The immediate effect of the bill is unclear. The Kentucky Transportation Cabinet has received correspondence from the Federal Highway Administration indicating that the absence of the VET program may interfere with the ability of the region to demonstrate "transportation conformity" and cause an interruption in federal highway dollars. By November 2002 it will be known whether conformity can still be achieved. An amendment offered by Senator Neal that would have assured no loss of highway dollars in the event of a determination of non-conformity, was defeated by the Senate on a party-line vote following the lead of Senators Seum and Julie (Rose) Denton, both of Jefferson County.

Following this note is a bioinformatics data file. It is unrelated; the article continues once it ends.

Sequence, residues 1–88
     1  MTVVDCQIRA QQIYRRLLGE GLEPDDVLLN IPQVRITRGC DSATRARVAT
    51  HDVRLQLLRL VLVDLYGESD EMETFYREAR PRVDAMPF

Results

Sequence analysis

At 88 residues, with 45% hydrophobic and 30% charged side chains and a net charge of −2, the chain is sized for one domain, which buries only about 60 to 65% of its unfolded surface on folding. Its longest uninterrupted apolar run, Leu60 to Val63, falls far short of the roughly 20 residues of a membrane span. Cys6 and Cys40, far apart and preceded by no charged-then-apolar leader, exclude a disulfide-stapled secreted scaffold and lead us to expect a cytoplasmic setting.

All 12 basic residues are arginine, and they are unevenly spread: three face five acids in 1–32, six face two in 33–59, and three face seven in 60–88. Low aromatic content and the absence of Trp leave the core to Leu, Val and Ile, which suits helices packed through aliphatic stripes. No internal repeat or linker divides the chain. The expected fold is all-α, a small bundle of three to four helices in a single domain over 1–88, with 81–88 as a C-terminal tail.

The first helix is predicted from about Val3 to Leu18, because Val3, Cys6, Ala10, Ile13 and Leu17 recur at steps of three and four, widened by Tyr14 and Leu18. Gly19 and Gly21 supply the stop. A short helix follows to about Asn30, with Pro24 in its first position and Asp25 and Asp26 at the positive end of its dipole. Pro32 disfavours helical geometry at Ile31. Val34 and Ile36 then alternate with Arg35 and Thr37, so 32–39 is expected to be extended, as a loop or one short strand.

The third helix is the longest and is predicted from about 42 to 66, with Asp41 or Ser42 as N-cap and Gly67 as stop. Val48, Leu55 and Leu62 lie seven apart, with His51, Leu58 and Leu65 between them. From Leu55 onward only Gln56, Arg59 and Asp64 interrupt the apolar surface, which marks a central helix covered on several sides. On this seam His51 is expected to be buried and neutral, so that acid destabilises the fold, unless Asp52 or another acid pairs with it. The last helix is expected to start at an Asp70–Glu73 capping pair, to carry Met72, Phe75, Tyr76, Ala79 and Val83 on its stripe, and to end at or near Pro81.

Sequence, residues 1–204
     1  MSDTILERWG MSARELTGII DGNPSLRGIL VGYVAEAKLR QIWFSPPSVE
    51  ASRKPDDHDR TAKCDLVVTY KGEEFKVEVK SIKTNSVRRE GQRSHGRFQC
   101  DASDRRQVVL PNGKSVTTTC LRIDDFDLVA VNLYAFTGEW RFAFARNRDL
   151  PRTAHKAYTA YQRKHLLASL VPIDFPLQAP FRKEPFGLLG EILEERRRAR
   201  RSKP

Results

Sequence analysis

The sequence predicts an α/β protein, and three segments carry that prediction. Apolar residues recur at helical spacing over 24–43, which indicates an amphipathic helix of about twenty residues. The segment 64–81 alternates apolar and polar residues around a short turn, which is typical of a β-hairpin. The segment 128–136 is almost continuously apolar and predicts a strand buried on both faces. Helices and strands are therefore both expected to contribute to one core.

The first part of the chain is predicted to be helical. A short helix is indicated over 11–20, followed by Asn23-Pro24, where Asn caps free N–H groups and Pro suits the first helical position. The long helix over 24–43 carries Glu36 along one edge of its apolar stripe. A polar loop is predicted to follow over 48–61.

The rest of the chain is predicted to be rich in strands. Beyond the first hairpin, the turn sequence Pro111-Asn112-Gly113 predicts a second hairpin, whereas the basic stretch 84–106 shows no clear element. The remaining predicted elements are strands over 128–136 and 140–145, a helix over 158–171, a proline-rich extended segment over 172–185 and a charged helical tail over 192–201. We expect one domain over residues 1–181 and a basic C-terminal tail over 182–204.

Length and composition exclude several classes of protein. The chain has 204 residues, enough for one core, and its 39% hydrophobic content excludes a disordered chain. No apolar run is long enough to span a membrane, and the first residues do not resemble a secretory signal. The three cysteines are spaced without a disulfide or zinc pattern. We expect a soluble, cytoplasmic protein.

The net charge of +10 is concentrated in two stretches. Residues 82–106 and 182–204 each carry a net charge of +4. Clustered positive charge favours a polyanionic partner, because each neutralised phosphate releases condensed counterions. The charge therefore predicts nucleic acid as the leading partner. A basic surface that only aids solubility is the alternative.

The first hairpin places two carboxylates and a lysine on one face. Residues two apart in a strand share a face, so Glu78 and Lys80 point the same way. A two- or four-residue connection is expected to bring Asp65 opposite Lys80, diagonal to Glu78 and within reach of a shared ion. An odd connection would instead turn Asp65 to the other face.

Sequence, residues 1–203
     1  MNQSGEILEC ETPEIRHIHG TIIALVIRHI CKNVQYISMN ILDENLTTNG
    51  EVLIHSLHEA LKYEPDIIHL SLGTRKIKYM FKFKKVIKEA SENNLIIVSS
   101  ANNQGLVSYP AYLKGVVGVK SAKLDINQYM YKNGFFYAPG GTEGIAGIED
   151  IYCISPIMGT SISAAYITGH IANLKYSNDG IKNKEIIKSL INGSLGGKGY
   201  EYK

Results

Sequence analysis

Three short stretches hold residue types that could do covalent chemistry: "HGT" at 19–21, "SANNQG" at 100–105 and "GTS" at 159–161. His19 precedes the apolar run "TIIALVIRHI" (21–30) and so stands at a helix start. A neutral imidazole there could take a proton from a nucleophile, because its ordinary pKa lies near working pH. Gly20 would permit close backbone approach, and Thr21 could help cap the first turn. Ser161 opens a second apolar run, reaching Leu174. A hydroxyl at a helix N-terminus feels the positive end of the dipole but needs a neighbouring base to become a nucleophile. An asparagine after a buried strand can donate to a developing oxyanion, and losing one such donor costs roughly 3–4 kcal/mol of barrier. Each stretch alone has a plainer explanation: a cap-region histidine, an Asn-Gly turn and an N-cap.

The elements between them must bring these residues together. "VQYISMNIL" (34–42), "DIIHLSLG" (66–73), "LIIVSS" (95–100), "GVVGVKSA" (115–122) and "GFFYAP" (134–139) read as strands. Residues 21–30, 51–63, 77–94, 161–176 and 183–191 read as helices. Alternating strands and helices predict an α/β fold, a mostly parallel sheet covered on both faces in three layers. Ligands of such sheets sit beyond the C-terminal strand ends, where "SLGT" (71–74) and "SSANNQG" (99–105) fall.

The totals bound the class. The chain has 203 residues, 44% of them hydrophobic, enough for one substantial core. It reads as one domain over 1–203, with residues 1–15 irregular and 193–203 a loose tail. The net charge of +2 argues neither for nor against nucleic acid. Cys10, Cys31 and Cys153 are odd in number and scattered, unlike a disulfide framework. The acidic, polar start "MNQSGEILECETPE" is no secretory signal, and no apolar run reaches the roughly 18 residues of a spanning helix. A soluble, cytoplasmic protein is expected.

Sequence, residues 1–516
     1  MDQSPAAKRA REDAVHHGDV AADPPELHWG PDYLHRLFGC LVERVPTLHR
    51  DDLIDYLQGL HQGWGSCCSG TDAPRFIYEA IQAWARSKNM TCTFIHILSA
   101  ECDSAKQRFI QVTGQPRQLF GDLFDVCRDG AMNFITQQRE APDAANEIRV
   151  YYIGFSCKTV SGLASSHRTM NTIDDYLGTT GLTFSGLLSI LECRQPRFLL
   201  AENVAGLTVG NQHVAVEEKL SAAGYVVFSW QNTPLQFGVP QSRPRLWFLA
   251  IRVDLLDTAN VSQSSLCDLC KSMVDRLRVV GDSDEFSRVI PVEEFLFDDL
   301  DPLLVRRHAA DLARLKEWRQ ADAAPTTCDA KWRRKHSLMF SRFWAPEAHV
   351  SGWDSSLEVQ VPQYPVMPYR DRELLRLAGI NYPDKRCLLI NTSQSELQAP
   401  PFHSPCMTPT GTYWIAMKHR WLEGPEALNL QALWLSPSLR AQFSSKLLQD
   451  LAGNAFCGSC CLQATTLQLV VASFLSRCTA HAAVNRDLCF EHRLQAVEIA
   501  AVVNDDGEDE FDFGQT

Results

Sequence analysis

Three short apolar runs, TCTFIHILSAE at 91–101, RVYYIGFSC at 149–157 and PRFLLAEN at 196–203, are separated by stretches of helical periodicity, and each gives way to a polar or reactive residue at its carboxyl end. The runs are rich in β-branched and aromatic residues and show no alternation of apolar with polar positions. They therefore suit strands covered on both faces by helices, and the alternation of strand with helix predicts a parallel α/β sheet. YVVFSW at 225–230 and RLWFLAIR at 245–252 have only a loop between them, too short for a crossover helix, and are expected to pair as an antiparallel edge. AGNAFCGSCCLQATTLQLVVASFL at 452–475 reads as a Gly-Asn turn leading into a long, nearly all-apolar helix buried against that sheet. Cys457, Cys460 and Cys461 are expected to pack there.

In the absence of the VET program, the Air Pollution Control District will be obligated to amend the plan for maintenance of attainment of the ozone standard, replacing those lost credits with credits from further reductions from stationary sources, from "banked" credits or from other sources. Senators Seum & Denton, Representative Perry Clark, and Judge Executive Jackson, can be "credited" with any decline in air quality that occurs due to the termination of the VET testing program in 2003 (including increased non-compliance between now and then in anticipation of the program's end), any additional imposition of costs to industries arising from the loss of VET credits in the maintenance plan, and whatever loss of federal highway funds follow this law